I feel like South Asians are definitely displaying a more articulate voice nowadays. It’s great to see Sikh communities bringing awareness of past, and even present, mistreatments from the South Asian governments, as well as their goals of keeping their heritage living on. I think Bengali communities deserve a larger platform than they have now, especially because they have had great injustices committed against them during the partition from India and Pakistan.
Lastly, I think there needs to be more awareness of intercultural racism. Light skin versus dark skin, Hindu versus Muslim, Pakistani versus Indian versus Bengali, North versus South, etc. It exists and it sucks to see that people pick at differences more than they want to find similarities. I can’t speak for Bengalis or Indians, but I can try and address the fact that these issues are here and hope that more people come forward and talk about it. With the help of my friends, I want to set up a project where we discuss these issues further.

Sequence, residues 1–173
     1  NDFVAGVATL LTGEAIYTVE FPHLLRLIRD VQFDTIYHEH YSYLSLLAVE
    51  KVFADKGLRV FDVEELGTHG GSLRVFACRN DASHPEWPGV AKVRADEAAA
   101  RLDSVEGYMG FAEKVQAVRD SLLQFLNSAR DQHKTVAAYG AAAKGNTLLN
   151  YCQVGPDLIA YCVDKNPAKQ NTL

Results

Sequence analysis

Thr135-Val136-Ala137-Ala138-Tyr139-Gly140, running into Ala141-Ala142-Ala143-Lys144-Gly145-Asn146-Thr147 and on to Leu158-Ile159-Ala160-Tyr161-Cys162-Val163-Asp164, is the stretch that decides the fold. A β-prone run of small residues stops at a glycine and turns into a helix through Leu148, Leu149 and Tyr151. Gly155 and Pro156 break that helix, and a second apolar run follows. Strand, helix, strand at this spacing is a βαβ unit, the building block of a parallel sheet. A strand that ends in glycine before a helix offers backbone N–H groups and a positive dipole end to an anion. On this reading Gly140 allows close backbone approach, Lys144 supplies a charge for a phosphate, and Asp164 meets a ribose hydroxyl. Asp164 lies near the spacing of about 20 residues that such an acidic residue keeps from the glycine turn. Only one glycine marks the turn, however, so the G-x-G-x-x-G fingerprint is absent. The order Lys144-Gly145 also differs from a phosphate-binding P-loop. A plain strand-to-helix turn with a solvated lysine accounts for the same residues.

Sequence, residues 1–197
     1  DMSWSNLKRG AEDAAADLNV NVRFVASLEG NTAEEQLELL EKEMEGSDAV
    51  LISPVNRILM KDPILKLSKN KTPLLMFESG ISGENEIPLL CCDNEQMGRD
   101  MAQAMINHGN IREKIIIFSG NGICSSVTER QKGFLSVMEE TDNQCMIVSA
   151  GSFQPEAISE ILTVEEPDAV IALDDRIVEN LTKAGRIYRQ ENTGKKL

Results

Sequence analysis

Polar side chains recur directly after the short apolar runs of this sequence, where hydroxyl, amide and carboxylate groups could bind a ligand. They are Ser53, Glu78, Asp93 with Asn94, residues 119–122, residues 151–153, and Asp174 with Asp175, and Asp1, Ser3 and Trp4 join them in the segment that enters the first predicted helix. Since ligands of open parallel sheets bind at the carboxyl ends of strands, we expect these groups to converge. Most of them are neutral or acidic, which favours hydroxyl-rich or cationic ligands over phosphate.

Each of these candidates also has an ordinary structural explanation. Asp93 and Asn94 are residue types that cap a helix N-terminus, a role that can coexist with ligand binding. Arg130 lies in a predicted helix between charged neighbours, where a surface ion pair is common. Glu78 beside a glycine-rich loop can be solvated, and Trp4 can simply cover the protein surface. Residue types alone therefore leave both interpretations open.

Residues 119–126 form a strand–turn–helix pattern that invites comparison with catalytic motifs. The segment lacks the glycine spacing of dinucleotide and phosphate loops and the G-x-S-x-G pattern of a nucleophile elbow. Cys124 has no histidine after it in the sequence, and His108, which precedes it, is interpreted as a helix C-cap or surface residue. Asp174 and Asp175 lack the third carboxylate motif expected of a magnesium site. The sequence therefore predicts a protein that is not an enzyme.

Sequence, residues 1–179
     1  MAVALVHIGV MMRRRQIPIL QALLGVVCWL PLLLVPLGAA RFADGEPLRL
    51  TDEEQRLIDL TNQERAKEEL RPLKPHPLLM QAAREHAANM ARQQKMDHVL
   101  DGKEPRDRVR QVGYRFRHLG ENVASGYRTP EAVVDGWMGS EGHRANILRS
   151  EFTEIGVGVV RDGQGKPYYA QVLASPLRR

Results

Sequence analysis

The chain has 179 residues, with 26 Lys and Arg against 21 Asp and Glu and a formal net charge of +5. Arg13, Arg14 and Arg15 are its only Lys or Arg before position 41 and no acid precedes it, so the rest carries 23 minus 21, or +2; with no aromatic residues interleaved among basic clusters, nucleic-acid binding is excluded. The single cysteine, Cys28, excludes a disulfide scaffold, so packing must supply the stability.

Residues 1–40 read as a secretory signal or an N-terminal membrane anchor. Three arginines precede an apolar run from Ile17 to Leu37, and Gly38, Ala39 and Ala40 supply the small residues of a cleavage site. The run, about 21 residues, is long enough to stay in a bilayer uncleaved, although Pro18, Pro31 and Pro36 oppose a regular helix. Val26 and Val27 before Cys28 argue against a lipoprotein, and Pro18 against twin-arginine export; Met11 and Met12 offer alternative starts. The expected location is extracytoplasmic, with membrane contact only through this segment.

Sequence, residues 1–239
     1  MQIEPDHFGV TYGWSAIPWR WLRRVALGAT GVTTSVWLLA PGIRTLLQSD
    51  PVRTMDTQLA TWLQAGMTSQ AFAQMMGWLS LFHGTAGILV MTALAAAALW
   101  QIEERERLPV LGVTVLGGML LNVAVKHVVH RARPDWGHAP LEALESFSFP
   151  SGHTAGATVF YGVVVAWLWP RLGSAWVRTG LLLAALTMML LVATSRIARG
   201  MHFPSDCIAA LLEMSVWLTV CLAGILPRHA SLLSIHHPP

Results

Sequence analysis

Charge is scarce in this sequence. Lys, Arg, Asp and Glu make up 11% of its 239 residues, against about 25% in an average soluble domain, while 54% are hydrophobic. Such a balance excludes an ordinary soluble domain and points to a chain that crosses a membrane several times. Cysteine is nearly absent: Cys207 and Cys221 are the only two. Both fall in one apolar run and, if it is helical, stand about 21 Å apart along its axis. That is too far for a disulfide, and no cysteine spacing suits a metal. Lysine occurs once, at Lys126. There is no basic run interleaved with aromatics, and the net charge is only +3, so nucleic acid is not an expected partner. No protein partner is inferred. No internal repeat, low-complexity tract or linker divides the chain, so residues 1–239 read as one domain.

How does social media help you- or hurt you?
It helps because it brought me to this community of South Asian creators that I never thought I’d be able to talk to. We support one another and I don’t feel like it’s driven by competition at all. It’s also like a modern day resume, all your best work is laid out and you can see how people react to it.
It can also become frustrating because it sometimes feels like that’s all you are. So, for example, if one illustration doesn’t get the usual number of likes, you feel like “damn, people don’t like my work”. The piece can still be amazing, and there might be an algorithm explanation, but we equate engagement with value and that can become dangerous.
How do you feel your studies brought you to where you are today? How are you dealing with post-grad life?
High school definitely prepared me well for college, seldom did I feel overwhelmed with work. It also made me more aware of all the connections across subjects, as well as into my everyday life.
Majoring in Anthropology made me so much more in tune with current events and interdisciplinary application. Being able to handle a lot of work and thorough research skills always made me feel well prepared for assignments and it made the artwork I made more well-rounded. Post grad is scary because there’s such a drop-off point between ending the comfort of the bubble I was in at MSU and the beginning of life without that secure safety net. I’m blessed to have supportive parents that have an understanding of the field I want to go into, so I never feel like I’m on my own.